Thync is new impressive technology, that promises to help its users “conquer life” by allowing them to change their mood on demand. Although it sounds like science fiction, the company expects to receive FDA approval by end of 2015. Researchers today try to improve our bodies and extend the limits of our consciousness in many ways. But do you know what’s the reason for this?
Why do scientists try to enhance our minds?
It’s sure, that the undying motivation of homo sapiens spices to know more, to get further, to speed up its own evolution and expand the inherited functions of human mind, plays the role here. However, it’s not just that. The cognitive enhancement research has great potential to assist us in future eradication of many neurological, psychiatric and psychological diseases, such as various types of dementia and depression, epilepsy, Parkinson’s disease or in brain stroke rehabilitation. We expect them to come either in the form of powerful diagnostic tools or as next generation of highly effective therapies.
Most of currently active cognitive enhancement research can be identified by methods (or tools), via which researchers try to modify cognitive processes of interest, like emotional reactions (e.g. aggression) or processing of sensory information (e.g. pain). Three main approaches tested for their effectiveness are: electrical (non-invasive) enhancements, pharmacological enhancements and physical (invasive) enhancements. The Thync technology works on principles of cognitive enhancement by electrical stimuli. How strong are these approaches? Is the research on electrical cognitive enhancement the broadest? What about chemical and physical ways of enhancing our brains?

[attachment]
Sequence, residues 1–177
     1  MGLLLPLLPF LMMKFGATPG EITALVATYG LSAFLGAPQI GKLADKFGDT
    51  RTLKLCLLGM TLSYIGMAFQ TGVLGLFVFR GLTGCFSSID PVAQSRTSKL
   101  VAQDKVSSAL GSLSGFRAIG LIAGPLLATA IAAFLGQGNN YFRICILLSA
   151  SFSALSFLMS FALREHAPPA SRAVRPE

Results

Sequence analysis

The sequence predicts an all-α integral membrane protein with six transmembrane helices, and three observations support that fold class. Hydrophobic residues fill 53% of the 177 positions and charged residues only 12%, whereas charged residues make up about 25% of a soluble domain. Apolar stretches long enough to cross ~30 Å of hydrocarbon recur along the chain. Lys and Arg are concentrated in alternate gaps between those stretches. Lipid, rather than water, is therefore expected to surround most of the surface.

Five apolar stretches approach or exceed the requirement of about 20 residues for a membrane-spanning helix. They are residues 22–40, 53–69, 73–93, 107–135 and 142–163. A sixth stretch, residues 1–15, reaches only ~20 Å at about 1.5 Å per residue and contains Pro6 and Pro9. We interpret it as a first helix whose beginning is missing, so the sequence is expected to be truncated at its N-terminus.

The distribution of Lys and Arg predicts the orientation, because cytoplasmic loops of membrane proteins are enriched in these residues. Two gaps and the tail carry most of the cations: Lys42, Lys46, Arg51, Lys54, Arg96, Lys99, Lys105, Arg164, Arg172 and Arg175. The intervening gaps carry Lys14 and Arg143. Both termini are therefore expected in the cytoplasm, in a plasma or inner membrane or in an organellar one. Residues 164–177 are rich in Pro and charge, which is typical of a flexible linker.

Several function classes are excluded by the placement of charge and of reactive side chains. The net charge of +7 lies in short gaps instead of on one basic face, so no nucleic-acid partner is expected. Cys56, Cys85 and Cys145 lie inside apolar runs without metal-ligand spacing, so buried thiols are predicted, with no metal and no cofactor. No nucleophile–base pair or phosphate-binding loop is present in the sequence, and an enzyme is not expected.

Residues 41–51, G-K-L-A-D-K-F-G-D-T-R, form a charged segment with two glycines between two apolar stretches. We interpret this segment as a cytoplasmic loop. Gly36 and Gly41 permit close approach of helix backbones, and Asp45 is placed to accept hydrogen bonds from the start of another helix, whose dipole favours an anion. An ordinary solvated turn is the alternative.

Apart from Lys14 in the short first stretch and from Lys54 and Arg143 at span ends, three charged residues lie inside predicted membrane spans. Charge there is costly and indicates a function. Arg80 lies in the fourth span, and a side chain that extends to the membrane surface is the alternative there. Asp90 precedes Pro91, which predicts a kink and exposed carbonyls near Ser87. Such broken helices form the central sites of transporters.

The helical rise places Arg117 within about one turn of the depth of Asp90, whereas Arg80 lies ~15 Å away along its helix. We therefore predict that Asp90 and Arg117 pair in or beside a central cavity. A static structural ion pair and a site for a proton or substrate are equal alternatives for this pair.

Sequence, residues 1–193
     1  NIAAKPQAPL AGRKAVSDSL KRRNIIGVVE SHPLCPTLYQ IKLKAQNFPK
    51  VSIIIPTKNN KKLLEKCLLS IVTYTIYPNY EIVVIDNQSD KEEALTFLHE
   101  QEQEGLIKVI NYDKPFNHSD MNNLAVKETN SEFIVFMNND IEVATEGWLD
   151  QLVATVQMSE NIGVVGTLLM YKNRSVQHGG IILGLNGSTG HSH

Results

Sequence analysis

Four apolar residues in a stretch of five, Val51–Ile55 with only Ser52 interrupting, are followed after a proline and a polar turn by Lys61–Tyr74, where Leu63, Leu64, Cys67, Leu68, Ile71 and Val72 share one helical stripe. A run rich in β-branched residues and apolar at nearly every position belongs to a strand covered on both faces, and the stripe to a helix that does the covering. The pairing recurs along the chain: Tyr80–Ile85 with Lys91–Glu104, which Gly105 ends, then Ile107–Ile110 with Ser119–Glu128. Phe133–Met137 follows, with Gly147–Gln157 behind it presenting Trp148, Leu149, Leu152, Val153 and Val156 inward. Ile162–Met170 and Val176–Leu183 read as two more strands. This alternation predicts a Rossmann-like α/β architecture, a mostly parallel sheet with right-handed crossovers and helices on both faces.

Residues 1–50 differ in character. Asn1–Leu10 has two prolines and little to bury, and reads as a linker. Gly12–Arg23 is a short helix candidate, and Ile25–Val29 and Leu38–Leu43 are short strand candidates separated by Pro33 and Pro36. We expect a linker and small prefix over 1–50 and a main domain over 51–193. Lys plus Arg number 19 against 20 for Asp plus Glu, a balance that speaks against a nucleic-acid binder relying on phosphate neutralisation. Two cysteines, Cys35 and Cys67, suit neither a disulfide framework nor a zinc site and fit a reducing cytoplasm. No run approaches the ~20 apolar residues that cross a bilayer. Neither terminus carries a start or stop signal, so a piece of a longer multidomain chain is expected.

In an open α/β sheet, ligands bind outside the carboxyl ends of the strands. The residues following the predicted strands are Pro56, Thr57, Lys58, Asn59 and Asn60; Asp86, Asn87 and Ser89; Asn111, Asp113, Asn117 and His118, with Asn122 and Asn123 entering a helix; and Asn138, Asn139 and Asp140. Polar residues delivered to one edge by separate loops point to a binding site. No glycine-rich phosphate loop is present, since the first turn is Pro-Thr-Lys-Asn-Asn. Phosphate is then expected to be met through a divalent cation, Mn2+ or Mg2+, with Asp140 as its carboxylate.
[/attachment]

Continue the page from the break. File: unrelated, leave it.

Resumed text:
The numbers of publications regarding cognitive enhancement are promising. Search for publications yelled 598 publications about pharmacological cognitive enhancements, 37 about physical and 23 about electrical cognitive enhancements. We can see an evident positive trend in the research focused on chemical brain enhancement. Looking at citations, we can observe an interesting drop in 2012 followed by a peak in citations of electrical enhancement research. This was probably caused by legislation change in USA and thus, research funding uncertainty in late 2011. The number of citations for chemical and physical cognitive enhancement are rising at steady rate.
The top publication on electrical cognitive enhancement with 14 citations is 6 years old and its title is “Cognitive enhancement with central thalamic electrical stimulation.” Looking at the states with the highest number of published papers, we can see that USA is on the first place with 742 publications. This which is four times the number of publication in the UK, on second place (185). The biggest contribution as an author in the research about cognitive enhancement has Philip D. Harvey with 17 publication, he examines the ways of cognitive enhancement through chemicals. The biggest number of studies was published in the journal Neuropharmacology (84) followed by journal Psychopharmacology (45).
From this data, we can see that the research is focused mostly on development of active drugs, enhancing our brains. Thync is working within the area which is explored the least. They can bring new findings to research of the brain enhancement and find a way which is not as harmful as some medications can be. On the other hand, the lack of research describing side effects of long-term electric stimulation of brain and emotional states manipulation is rather alarming.
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